Налей чаю - just a part of this entity, not the whole amount of it

    This simple way of thinking persist across all cases of partitive use:

    Намешай бетону, насыпь сахару, отрежь сыру.

    Yours - чашка чая, чашка чаю. I bet you can tell the difference yourself now. Just remember that there is hardly any really and you can choose whatever version you like more, although the latter is a bit more Russian, if you ask me


    -What about the times where there isn't a determining noun to mark the phrase? How can one tell how the чай fits grammatically? Must we just assume BY CONTEXT that выпить will probably have a liquid based object?

    Выпить чай - pure genetive, the others are genetive partitive, but again all are genetive. Выпить does have to have a liquid based object to make any sense, though it can be an indirect object --- Выпить чашку чаю. If you said something like, выпить шкаф that would first confuse me, then I'd assume that шкаф was liquified somehow

    -Is modern partitive simply represented by genitive endings, even though the same trick is at work? ( Выпить чая )

    Yes, выпить чаю, выпить чая are essentially the same with the same trick. Just remember that there can be a pure genetive instead: чашка чая for example vs. чашка чаю.

    Is the partitive an noun-attributive or a verb-agreeing case? Meaning, for instance, Genitive is basically used to affect ~a noun~ with a noun, it's unrelated to the verb layout. Whereas Accusative is directly interworking with the sentence's verb. (a) and (b) show it being both types.

    This is very hard to say. My best guess is that it's both. Выпить чаю - verb related, чашка чаю - noun + noun.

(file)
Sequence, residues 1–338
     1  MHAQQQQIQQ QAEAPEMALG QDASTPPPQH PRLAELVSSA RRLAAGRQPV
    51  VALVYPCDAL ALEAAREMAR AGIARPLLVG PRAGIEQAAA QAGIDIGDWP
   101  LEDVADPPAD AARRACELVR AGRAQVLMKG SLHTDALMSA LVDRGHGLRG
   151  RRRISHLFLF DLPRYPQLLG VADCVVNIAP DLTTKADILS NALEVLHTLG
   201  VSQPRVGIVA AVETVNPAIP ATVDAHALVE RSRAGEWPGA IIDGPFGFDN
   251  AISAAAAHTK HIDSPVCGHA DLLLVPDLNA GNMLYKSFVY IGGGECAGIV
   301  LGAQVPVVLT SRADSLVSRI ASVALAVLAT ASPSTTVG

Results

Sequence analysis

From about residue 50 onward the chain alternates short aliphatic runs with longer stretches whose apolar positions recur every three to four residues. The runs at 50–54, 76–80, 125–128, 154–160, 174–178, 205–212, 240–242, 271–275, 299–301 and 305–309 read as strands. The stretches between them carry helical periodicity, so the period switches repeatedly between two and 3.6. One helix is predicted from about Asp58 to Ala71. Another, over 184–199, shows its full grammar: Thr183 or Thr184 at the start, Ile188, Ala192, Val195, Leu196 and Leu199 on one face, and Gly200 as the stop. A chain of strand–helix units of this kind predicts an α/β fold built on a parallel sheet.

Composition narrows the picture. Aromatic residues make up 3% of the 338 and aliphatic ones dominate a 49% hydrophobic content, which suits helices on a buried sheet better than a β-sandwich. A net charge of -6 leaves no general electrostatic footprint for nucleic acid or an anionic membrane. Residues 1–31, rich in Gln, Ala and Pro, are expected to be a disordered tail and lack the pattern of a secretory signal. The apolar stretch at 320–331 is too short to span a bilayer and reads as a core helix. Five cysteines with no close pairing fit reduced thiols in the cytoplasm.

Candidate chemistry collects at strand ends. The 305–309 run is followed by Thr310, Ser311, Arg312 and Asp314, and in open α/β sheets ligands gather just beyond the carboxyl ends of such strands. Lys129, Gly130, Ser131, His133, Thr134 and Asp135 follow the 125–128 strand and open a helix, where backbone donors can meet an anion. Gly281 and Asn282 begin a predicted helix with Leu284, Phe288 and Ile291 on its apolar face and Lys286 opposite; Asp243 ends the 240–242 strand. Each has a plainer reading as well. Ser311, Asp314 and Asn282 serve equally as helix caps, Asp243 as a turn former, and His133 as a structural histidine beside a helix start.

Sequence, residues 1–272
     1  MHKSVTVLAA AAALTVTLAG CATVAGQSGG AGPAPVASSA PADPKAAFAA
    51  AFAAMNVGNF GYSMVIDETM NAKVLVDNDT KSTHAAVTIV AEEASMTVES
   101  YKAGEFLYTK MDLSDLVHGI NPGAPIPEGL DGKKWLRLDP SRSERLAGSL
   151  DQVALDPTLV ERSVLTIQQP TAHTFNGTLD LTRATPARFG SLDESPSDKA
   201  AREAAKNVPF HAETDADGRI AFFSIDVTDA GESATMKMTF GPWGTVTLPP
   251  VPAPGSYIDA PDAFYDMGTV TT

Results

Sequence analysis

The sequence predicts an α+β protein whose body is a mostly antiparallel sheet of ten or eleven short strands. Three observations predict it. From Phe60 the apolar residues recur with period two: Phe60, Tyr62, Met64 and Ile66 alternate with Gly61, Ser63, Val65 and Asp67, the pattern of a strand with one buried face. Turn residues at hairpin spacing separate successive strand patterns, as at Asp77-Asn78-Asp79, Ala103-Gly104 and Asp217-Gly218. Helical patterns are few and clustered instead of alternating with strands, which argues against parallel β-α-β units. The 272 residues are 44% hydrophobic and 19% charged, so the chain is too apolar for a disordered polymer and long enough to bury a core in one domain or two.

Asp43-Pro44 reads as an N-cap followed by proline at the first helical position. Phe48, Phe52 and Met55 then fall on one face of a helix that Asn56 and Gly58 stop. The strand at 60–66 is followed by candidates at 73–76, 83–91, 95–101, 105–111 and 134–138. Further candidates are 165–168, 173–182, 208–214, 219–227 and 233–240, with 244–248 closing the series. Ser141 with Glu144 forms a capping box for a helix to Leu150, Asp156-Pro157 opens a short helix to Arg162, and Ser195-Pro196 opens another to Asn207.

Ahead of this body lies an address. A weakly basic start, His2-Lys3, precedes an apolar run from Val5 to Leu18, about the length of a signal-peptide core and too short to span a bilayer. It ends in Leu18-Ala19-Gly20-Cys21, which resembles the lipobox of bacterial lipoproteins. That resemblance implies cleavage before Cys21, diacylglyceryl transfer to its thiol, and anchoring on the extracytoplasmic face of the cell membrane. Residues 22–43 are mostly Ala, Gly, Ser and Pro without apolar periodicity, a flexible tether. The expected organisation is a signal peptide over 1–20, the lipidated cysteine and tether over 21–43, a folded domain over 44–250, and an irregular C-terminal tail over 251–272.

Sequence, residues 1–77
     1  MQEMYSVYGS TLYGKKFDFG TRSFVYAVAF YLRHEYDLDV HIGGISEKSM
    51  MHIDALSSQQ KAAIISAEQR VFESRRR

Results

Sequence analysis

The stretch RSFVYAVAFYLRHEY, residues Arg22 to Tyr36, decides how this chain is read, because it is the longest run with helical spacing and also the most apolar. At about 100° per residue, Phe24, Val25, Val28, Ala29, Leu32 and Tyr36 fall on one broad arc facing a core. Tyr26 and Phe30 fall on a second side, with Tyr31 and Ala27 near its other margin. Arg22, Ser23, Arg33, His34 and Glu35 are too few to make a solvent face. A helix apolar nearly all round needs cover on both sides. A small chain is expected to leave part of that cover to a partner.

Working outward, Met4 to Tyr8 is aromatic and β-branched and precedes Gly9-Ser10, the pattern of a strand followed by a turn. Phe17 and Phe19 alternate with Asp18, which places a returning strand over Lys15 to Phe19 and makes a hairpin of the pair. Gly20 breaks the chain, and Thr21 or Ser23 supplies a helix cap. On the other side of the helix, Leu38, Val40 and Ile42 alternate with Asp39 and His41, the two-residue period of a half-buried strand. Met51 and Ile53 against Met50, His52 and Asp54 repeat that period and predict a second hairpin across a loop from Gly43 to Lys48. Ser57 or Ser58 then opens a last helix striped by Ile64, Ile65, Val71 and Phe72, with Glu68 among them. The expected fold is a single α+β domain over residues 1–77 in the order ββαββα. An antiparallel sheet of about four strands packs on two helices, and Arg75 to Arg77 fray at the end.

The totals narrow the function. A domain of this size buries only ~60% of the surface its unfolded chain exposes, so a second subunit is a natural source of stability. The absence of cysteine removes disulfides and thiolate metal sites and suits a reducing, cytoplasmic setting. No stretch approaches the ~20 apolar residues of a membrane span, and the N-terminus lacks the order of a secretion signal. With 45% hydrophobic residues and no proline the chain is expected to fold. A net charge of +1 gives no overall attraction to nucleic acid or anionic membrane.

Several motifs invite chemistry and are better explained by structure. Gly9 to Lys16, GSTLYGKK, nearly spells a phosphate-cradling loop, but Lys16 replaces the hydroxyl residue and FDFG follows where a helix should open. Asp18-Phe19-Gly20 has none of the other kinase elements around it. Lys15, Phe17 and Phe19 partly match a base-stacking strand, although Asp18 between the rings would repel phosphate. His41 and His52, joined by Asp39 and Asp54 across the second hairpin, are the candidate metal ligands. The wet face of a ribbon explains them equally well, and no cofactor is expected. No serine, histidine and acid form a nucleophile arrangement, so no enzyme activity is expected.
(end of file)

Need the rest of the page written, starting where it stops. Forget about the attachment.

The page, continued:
fortheether likes this.
    I do not claim that my opinion is absolutely true.
    If you've spotted any mistake in my English, please, correct it. I want to be aware of any mistakes to efficiently eliminate them before they become a habit.

  4. #4
    Почтенный гражданин diogen_'s Avatar
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    A few questions remain though:
    -What is the difference between кашка чаю and чашка чая?
    No difference in meaning whatsoever. Чашка чаю just sounds like sloppy Russian. I'd rather you stuck to чашка чая, IMO.


    Веселые ребята - чашка чая
    I.
    Когда цветных огней гирлянды
    Развесит город на домах
    Когда в театрах музыканты
    Ждут дирижера первый взмах
    Когда я вечером скучаю
    Могу ли я тебя просить
    Меня к себе на чашку чая
    Ты не смогла бы пригласить

    Припев:
    И у тебя в гостях я замечаю
    И в этом есть твоя вина
    Что выпивая чашку чая
    Я вдруг пьянею без вина
    Но выпивая чашку чая
    Я вдруг пьянею без вина

    II.
    И под старинным абажуром
    Что излучает мягкий свет
    До самой полночи сижу я
    И ничего прекрасней нет
    Но разговор, не бесконечен
    Пришла пора благодарить
    За вкусный чай, за теплый вечер
    Что ты смогла мне подарить

    Припев:
    III.
    Но разговор, не бесконечен
    Пришла пора благодарить
    За вкусный чай, за теплый вечер
    Что ты смогла мне подарить
    Припев: 2 раза


    История | Дискография

  5. #5
    Почтенный гражданин Serge_spb's Avatar
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    Quote Originally Posted by iCake View Post
    This simple way of thinking persist across all cases of partitive use:

    Намешай бетону, насыпь сахару, отрежь сыру.
    Man, these forms are kinda outdated, someone may even blame you for using that.

    Russians say: намешай бетона, насыпь сахара (сахарка, сахарку - уменьш.-ласкательная форма), отрежь сыра
    "Насыпь сахарку" somehow is the only one of these which is still active.